Joel-Peter Witkin opening in 2008 at Catherine-Edelman/Photo: Paul Germanos
By Jason Foumberg
This is a story about what Chicago’s art galleries are doing to grow our local art economy.
More than once I have heard an art dealer joke that their commercial art gallery is really a not-for-profit because, well, their business makes no profit. Despite that appraisal, non-profit fundraising techniques are finding their way into the business models of some for-profit startups. Traditionally, commercial galleries have been run as shops that sell products with negotiable price tags. Now, some are experimenting with fundraising and sponsorships as strategies for growth. Oppositely, a couple of non-profit art organizations are incorporating commercial aspects into their practices, such as selling art and organizing an art fair.
For a long time, for-profit galleries and non-profits behaved like mirror images of each other, performing similar actions toward opposite ends, yet never touching. However, boundaries were made to be blurred in the art world. It was a huge shock to see NYC dealer Jeffrey Deitch take a director’s seat at MOCA in Los Angeles in order to save the institution from financial ruin. On the flip side, the success of many “social entrepreneurs” is changing how for-profit startups operate, including many art galleries. Read the rest of this entry »
Contemporary symbolist painting is a hard sell in Chicago. It doesn’t revel in bright, sunny landscapes, gritty urban realism, or echoes of popular culture. As developed in the late-nineteenth century, it cultivates spirituality in a dark inner world accessible only to the artist/genius and those able to follow. As the Belgian poet Emile Verhaeren once put it, “It is not our faith and our beliefs that we put forward; on the contrary, it is our doubts, our fears, our boredoms, our vices, our despair and probably our agony.”
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Meredith Zielke and Yoni Goldstein, from “The Jettisoned”
We all have our visions of medical hell that grow out of traumatic childhood memories that we would rather forget, but that haunt us throughout our lives. Meredith Zielke and Yoni Godstein have unsparingly confronted their painful pasts, merging them in a set of color photographic scenarios taken in a dark and dank derelict Chicago soap factory, that they have combined in a slow-motion video loop, which should not be seen by the faint hearted or overly sensitive. Reminiscent of a latter-day Hieronymus Bosch deploying real people, Zielke and Goldstein populate their tableaux with dense arrays of subjects administering, suffering and observing various disconnected procedures featuring tubes and seeping fluids in decidedly less-than-antiseptic settings. The artists propose to offer the “possibility of abject recognition,” and their work definitely delivers on that promise. They perform the service of alerting us to the underside of life if we are strong enough to tolerate their harsh visual medicine, which is never palliative. Read the rest of this entry »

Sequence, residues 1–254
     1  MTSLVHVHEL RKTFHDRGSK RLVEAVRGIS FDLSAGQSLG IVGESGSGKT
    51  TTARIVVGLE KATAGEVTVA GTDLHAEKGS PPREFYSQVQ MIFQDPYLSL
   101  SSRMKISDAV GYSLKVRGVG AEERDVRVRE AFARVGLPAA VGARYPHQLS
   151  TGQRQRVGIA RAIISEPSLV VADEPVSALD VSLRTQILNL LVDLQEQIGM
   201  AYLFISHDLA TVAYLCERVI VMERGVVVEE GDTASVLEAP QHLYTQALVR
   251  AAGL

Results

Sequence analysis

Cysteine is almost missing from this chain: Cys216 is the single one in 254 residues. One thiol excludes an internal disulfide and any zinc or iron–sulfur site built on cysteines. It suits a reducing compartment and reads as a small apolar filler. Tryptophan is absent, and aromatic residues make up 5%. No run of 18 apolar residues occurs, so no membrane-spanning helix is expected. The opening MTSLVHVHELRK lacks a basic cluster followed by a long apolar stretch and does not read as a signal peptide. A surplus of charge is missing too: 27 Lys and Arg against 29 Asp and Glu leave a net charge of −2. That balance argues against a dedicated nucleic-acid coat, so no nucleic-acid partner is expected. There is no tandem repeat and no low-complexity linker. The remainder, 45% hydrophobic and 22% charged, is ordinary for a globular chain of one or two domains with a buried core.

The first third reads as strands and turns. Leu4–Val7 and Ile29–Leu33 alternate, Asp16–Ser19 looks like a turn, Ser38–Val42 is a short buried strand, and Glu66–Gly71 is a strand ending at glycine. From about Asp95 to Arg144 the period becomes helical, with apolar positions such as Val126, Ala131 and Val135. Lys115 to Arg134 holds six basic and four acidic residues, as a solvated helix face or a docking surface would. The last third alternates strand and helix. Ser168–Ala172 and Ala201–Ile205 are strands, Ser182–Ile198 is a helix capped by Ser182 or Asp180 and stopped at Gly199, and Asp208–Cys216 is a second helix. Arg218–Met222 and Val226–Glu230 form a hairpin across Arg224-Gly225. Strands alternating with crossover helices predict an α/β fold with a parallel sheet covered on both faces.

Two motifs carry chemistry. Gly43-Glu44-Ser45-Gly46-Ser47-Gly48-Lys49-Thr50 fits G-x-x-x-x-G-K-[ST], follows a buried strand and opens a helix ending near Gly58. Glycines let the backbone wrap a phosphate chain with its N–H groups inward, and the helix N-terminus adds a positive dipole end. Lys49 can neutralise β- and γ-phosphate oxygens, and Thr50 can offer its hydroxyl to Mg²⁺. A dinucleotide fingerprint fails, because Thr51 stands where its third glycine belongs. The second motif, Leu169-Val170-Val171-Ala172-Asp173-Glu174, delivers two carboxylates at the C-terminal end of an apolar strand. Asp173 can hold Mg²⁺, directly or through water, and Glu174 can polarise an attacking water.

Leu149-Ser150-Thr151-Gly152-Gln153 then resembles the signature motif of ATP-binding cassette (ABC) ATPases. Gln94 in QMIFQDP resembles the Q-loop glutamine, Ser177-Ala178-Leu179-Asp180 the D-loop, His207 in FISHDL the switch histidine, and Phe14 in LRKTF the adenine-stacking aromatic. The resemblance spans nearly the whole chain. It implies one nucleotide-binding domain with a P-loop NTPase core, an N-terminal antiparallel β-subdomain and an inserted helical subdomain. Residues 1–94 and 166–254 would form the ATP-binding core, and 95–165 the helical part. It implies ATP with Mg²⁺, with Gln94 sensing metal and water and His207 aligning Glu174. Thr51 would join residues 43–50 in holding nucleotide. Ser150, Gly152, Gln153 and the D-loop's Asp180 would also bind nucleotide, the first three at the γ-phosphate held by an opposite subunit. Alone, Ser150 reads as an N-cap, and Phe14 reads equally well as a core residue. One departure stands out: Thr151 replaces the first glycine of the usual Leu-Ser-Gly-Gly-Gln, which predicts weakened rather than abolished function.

At the heart of Elsa Muñoz’s exhibition of recent seascapes, landscapes, still-lifes and portraits seems to be a coming-of-age drama with recent or impending tragedies that may or may not be autobiographical. The sun never penetrates a humid atmosphere of sadness that hangs over these dark images, even when the artist steps outside to share a daylight view of Ireland or Mexico. All the paintings are so quiet!—as quiet as Vermeer. The interior views feature the slender figure of a young woman, alone, never facing the viewer, and always in front of a door or window. In one version she is opening a door for a presumed visitor, but she is so cautious, and the lock on the door is so large, heavy and prominent. Read the rest of this entry »
Barbara Jones-Hogu, “Unite,” 1970
A venerable South Side institution of which many Chicagoans may not have heard is the starting point for a three-stage investigation of the artists’ group AfriCOBRA. A timely collaboration among several South Side arts institutions celebrates the origins, philosophy and impact of this group of artists.
AfriCOBRA (African Commune of Bad Relevant Artists) was the cultural counterpart of the Black Power movement. Most people are familiar with writers like Amiri Baraka and Nikki Giovanni, but Chicago moved into the 1960s with a very strong visual arts tradition located in Margaret Burroughs’ South Side Community Art Center in the 3800 block of South Michigan Avenue. Works in this exhibition by Elizabeth Catlett, Charles White and others associated with the center since the late 1930s, when it was established as part of the WPA, laid the groundwork for what was to come. Read the rest of this entry »
Kaoru Arima likes to straddle the lines between control and surrender, formal and casual, revelatory and obscure, mindless and calculating, and, of course, art and non-art. What better place to show the results than in this tiny second-floor apartment gallery in Pilsen. It’s as randomly located as Arima’s own gallery in Inuyama, Japan (curiously named the Art Drug Center). The gallery’s white walls feel like the small areas of white paint splashed onto Japanese newspapers on which Kaoru executed the twenty-eight cartoonish line drawings in the collection of the Walker Art Center. Read the rest of this entry »